The Australian Diversity Council’s 2015 report Leading in the Asian Century: a national scorecard of Australia’s Workforce Asia Capability discloses that lack of diversity is a liability for the Australian workforce, particularly in terms its capability of to engage with Asia. While the importance of strong economic and diplomatic links between Australia and Asia is widely agreed on, this is at odds with hegemonic popular culture. The proliferation of media content providers in the digital age, however, allows audiences to seek out popular media outside mainstream and broadcast outlets. The small but established popularity of Korean popular culture (hallyu) and music in the West is a phenomenon that has been enabled by YouTube, music streaming, and file-sharing. Crucially, this allows audiences to explore popular culture beyond the Anglosphere. Alongside K-pop, parallel industries have emerged in tourism, consumer goods, and language education; the latter has seen significant growth, with Korean language courses and institutes (such as the Sejong Institute) capitalising on K-pop’s trendiness. This research project explores the K-pop audience in Sydney, and in particular, how interest in it affects perspectives and behaviours beyond music, including its potential to develop intercultural literacy. It finds that K-pop provides an access point for audiences to increase their knowledge of Korean and East Asian culture as well as the Korean language, stimulating interest and engagement with Asia.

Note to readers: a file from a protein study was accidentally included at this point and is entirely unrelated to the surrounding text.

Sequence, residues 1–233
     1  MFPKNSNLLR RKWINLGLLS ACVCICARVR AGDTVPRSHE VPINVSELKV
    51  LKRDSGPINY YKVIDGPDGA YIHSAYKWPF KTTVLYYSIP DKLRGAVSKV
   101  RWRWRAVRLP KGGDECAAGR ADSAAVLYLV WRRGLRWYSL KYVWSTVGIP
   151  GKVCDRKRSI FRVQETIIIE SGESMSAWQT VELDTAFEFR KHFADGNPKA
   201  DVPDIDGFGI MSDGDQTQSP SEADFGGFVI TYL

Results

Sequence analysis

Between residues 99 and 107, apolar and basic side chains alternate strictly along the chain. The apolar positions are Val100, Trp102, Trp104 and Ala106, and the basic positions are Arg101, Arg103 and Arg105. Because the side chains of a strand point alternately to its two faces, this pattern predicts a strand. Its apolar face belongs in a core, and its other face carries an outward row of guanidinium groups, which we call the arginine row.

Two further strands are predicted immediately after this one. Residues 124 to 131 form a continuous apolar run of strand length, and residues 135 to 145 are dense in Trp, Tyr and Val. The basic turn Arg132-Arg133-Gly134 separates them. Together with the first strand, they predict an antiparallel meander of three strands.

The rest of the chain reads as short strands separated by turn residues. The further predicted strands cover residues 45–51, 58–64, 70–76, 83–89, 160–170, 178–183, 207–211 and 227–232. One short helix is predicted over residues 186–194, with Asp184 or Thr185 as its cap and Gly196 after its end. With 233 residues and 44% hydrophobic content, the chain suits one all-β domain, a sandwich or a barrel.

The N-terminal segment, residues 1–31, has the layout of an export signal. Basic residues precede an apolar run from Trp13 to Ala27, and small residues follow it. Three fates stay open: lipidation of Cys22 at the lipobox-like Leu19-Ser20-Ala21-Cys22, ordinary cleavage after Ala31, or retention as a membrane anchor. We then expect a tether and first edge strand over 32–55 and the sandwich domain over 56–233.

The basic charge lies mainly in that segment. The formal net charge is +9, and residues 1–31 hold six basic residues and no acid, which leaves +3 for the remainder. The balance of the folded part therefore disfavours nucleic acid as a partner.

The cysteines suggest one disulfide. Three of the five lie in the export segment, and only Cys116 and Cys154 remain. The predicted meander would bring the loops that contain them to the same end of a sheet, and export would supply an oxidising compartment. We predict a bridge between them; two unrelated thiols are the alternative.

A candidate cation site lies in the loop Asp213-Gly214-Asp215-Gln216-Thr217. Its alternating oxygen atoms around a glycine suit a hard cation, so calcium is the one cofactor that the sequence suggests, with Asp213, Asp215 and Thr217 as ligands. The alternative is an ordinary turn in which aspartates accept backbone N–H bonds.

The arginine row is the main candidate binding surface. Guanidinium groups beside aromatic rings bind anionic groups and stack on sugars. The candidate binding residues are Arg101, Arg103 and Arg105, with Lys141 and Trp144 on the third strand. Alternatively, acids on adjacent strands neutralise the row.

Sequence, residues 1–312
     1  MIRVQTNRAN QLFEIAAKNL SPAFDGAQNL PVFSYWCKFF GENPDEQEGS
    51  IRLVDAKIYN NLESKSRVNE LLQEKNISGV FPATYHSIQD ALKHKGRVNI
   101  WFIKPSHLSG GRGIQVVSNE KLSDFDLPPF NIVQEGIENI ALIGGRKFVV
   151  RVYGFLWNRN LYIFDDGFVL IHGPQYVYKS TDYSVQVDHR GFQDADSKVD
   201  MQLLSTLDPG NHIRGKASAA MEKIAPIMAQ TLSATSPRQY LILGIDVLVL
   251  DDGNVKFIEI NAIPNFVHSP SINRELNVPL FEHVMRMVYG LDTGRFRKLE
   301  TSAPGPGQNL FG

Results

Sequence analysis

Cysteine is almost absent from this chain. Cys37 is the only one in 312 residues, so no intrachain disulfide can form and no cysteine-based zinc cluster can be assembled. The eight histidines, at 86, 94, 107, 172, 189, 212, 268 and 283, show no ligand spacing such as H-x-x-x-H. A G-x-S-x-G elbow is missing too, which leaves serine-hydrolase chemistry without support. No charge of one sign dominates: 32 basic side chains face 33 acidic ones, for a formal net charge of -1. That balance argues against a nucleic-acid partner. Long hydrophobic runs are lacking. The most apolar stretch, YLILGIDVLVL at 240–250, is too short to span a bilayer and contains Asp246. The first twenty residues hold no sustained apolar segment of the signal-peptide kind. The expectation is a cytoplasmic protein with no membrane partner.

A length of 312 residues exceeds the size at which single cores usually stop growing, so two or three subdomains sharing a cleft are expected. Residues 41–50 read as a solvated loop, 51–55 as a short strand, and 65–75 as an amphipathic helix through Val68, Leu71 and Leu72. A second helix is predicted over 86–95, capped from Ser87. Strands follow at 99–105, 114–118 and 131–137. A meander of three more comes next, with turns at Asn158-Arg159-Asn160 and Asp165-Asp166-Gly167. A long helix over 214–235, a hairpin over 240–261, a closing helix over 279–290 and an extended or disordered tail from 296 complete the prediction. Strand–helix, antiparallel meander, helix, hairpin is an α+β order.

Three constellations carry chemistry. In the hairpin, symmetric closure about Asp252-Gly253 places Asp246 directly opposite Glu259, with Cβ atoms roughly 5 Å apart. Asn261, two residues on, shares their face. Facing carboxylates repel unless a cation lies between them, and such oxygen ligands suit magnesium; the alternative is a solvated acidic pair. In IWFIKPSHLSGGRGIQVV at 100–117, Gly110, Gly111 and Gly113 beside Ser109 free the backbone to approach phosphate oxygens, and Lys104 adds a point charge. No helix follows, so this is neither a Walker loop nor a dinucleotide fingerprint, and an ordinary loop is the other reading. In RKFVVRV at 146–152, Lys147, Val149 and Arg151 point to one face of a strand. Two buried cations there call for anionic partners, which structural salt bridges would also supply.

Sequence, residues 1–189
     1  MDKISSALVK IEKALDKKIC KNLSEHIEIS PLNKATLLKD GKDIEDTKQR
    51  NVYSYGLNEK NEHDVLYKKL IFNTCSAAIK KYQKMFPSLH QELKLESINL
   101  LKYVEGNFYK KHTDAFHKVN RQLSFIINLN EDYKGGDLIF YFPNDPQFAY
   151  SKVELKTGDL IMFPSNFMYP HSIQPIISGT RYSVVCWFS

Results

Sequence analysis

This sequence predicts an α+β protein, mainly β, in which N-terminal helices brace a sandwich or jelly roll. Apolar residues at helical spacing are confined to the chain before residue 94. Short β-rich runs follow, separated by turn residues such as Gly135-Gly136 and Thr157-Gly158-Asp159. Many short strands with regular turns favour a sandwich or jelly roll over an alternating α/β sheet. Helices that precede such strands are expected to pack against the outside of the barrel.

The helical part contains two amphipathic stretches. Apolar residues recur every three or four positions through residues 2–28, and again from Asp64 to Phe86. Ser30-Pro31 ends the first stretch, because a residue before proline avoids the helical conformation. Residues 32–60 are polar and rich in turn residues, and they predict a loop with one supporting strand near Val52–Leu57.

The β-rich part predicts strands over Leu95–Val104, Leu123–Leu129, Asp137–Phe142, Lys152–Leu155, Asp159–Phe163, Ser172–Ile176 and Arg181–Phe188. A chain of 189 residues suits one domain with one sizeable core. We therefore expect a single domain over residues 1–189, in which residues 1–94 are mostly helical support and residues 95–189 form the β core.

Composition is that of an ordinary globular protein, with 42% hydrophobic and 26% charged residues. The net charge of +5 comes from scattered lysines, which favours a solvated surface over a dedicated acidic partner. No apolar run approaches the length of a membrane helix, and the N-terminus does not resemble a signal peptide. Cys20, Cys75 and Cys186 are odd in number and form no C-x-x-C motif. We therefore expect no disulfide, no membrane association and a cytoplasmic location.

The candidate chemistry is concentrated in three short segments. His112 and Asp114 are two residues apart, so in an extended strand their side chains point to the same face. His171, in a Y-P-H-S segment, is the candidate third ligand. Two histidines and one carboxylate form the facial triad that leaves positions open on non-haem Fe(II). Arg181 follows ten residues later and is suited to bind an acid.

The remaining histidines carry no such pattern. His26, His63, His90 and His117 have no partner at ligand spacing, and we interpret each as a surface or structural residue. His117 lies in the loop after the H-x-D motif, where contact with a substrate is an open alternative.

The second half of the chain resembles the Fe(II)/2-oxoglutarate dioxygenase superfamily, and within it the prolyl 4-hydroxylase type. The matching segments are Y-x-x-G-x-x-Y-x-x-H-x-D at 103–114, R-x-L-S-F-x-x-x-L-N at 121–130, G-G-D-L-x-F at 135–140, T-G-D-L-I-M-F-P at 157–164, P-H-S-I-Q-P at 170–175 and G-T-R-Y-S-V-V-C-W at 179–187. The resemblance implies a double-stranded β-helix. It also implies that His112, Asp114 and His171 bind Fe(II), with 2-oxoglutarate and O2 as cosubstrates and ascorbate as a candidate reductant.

|Title of host publication||Multilingual Sydney|
|Editors||Alice Chik, Phil Benson, Robyn Moloney|
|Place of Publication||London ; New York|
|Publisher||Routledge, Taylor and Francis Group|
|Number of pages||12|
|ISBN (Print)||9780815379546, 9781138592667|
|Publication status||Published - 2019|